By now, most of you have probably heard of, or read, the book entitled Competing on Analytics by Thomas Davenport that demonstrates how some of the most successful organizations in the world have made analytics a core capability and integral to their strategic planning. MIT Sloan has been tracking this phenomenon since 2010 echoing Davenport’s findings. From 2010 to 2012 they indicated that 67% of those surveyed believed that analytics gave their organizations a competitive edge. However, in their last installment of their longitudinal study, something interesting happened. Something that I like to call the ‘Oakland Athletics Effect’.
The Athletics, thanks to the popular movie called ‘Moneyball’ starring Brad Pitt, became the poster child of the emerging ‘analytics first’ movement in business and sports. By the grace of analytics, the Athletics were suddenly qualifying for the post season on a regular basis while maintaining the lowest payroll in baseball. This trend lasted for a while until everyone else figured it out, like the Boston Red Sox, thus marginalizing that competitive edge that the Athletics once enjoyed. This phenomenon is echoed by the 2013 installment of the MIT study indicating that a plateau has been reached on analytics and being competitive.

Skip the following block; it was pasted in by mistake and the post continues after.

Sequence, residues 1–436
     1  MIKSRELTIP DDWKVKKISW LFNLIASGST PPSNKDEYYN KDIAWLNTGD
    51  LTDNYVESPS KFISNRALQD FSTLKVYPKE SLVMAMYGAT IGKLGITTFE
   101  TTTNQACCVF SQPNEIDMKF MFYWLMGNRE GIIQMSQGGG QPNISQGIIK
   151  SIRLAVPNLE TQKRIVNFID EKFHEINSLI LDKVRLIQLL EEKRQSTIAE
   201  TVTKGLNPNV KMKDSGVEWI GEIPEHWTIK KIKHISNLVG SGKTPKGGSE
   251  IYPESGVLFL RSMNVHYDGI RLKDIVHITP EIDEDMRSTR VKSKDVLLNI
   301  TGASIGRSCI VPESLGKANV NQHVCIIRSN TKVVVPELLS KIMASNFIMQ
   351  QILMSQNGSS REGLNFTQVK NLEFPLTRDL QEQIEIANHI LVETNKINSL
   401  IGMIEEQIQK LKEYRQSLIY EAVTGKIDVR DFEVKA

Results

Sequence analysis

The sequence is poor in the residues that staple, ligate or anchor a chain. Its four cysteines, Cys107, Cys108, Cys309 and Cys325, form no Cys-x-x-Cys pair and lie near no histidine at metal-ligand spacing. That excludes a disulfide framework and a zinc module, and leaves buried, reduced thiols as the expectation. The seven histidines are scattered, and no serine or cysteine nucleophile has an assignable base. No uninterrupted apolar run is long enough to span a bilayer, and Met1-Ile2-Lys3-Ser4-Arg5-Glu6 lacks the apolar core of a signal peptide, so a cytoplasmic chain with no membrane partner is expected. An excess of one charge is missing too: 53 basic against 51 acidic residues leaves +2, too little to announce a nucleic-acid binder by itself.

A key takeaway in MIT’s more recent report ‘The Analytics Mandate‘, speaks to how competing on getting the right data has become as important as competing with data, and gives rise to the need to find data sets, both internal and external, that can provide the valuable insight that separates leaders from laggards. Examples of these valuable data sets are economic indices, census data, customer satisfaction indices, and industry benchmarks, to name a few.
What are some of the 3rd party data sources that you use on a regular basis and how have they impacted your competitive edge?
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